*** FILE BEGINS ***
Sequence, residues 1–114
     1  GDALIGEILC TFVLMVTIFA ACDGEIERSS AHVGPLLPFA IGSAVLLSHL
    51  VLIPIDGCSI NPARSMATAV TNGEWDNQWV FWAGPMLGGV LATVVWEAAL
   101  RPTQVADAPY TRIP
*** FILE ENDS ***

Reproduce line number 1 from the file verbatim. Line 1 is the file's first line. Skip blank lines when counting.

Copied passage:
Sequence, residues 1–114